Apple Card launch: What did competitors miss?
Did you feel the earth shake on August 20th? Credit card companies sure did. That was the official launch date of the new Apple Card, a disruptive new challenger in the hyper-competitive credit card marketplace.
Apple’s strategy rocked the landscape. Within a day of launch, despite no history in the credit card business, Apple.com became a top competitor in credit card searches based on clickshare (following an increase of 10-13%). Apple Card also shot to the #3 position for impression share, appearing on approximately 70% of impressions. That means for any search of the 11 generic terms Adthena analyzed, Apple.com appeared 70% of the time and took about 10-15% of resulting clicks.
Image: Apple entering the market on August 20
In a nutshell, Apple Card soared past most rivals and dipped deeply into clicks and impressions of top credit card issuers.
Selling the un-bank
Apple has positioned the Apple Card as an antidote to the bank card, highlighting in particular its consumer-friendly features, rates, and cash-back policies. Our analysis showed that from device choices to keywords (focusing on terms like “security and privacy,” “not a bank” and “daily cash”), everything about its search strategy helped to support this USP.
Four counterpunches: What CMOs could have done (if they’d been using AI)
1. Mute the message.
Apple’s ad copy stayed religiously on-message throughout the launch. Rivals using AI to monitor ad copy and frequency would have immediately identified the common threads and been able to counter the “not a bank” storyline either with strategic copy or with strong new offers of low rates or cash-back bonuses to stop the heamorrhaging.
2. Defend branded terms.
Apple made good use of brand bidding strategies, with a whopping 12% of their impressions since the launch coming from competitors’ brand terms. Overall, Apple.com has bid on 404 terms with an estimated 655K impressions. Brand owners had no visibility into Apple’s activities or what was driving up costs for their branded terms. Brand Protection technology would have immediately surfaced this poaching behavior, enabling owners to aggressively protect their terms and take action.
3. Bite back on Apple terms.
Apple scooped up impressions by bidding on rival brand terms while simultaneously protecting their own. Apple happily won 100% of impressions on the terms ‘apple card’ and ‘apple credit card’ across both desktop and mobile. Even a basic competitive analysis would have revealed this. While citi.com attempted some pushback, other competitors missed the opportunity.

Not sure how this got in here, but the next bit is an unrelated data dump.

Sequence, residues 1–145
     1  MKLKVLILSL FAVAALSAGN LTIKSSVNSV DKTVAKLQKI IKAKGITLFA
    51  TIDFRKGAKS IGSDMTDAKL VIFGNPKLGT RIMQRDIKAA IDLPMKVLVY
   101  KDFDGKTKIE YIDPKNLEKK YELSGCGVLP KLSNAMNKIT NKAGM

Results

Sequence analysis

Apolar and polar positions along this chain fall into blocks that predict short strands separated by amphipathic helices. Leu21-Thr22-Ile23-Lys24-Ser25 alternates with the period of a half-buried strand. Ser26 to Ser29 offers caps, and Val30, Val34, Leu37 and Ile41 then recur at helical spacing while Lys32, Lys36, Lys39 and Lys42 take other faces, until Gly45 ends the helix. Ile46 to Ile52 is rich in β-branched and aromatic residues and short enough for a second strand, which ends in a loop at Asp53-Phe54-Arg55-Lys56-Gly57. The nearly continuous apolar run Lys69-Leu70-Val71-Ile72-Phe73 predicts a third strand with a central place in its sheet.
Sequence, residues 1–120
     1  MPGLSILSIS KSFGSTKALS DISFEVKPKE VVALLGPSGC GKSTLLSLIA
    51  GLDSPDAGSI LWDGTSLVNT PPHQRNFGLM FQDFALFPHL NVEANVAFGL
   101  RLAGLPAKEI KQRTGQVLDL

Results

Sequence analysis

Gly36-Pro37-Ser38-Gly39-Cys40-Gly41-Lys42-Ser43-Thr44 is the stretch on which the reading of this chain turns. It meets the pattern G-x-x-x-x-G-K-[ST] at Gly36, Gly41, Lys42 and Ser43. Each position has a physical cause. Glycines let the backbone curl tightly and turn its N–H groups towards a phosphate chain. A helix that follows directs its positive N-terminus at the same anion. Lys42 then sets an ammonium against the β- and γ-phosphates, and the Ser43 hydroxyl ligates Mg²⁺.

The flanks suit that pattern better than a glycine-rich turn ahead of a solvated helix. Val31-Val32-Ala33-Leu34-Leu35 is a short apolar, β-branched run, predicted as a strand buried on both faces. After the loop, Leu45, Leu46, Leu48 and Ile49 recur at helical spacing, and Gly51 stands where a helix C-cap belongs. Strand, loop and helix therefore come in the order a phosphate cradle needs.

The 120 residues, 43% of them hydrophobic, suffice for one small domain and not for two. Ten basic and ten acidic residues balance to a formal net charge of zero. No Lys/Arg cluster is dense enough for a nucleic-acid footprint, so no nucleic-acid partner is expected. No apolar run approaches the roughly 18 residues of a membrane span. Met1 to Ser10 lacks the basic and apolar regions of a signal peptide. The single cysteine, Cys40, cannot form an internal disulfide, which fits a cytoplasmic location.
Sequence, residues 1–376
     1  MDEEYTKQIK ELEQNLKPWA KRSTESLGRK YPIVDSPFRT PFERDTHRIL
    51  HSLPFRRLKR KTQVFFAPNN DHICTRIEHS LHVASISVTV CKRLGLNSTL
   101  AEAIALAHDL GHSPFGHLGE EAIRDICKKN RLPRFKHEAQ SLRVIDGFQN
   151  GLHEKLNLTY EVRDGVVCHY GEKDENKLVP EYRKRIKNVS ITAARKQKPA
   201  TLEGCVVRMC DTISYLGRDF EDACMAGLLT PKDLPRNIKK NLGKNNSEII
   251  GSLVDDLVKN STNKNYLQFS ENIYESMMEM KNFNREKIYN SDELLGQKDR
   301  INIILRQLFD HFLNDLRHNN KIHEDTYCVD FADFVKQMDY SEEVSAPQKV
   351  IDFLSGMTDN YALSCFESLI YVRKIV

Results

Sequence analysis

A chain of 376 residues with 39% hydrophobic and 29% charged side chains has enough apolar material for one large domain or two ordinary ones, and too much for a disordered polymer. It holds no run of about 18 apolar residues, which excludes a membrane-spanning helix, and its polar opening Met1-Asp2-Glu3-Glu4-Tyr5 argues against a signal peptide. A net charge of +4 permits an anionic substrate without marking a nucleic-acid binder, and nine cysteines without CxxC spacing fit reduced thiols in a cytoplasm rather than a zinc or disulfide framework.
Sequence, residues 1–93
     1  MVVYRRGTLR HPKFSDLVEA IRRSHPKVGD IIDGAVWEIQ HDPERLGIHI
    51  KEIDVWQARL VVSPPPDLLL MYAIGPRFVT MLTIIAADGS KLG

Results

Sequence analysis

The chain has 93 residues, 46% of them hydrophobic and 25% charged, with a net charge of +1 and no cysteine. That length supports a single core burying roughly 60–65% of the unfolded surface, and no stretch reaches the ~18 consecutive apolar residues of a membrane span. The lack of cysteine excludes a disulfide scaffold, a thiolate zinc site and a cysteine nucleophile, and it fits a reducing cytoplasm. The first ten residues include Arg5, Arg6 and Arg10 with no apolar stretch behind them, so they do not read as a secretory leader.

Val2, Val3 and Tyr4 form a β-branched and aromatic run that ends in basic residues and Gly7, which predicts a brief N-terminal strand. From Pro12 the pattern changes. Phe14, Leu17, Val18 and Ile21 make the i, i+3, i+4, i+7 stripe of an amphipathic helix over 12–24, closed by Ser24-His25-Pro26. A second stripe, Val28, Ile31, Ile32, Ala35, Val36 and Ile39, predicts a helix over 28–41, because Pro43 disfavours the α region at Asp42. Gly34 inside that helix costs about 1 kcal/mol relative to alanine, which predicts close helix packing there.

Image: Competitors left Apple largely unchallenged on two key brand terms
4. Dominate desktop.
Apple Card’s search strategy was 100% mobile for generic terms, with no paid search presence on desktop platforms except for a small number of key Apple branded terms. While taking on Apple on mobile would have been a costly proposition, the desktop search market was wide open. This presented a good opportunity for competitors to double-down on desktop ads and make headway across generic and branded terms.
We used Adthena Whole Market View technology to benchmark and track key aspects of the launch, how it impacted the search landscape, and how competitors responded. Our results provide a revealing window into Apple’s search strategy and some missed opportunities rivals may be regretting.
Using our data, we analyzed 4.5M monthly impressions across 11 search terms to see Apple Card’s impact in paid search. We also looked at Apple’s activity on branded terms, both its own and those of rivals.
A lesson for every CMO
Hindsight is 20/20. But no search marketer should rely on hindsight to make decisions, especially in the highly competitive financial ecosystem. To learn more about using AI-driven technology to compete in the credit card sector, download our CMO Search Intelligence Brief for the Credit Card Industry.
Adthena’s AI-driven Whole Market View technology and solution service packages provide the before-during-and-after search intelligence and insight search marketers need to predict, monitor, analyze, and respond strategically to new market threats, new challengers, and changes in competitor activity.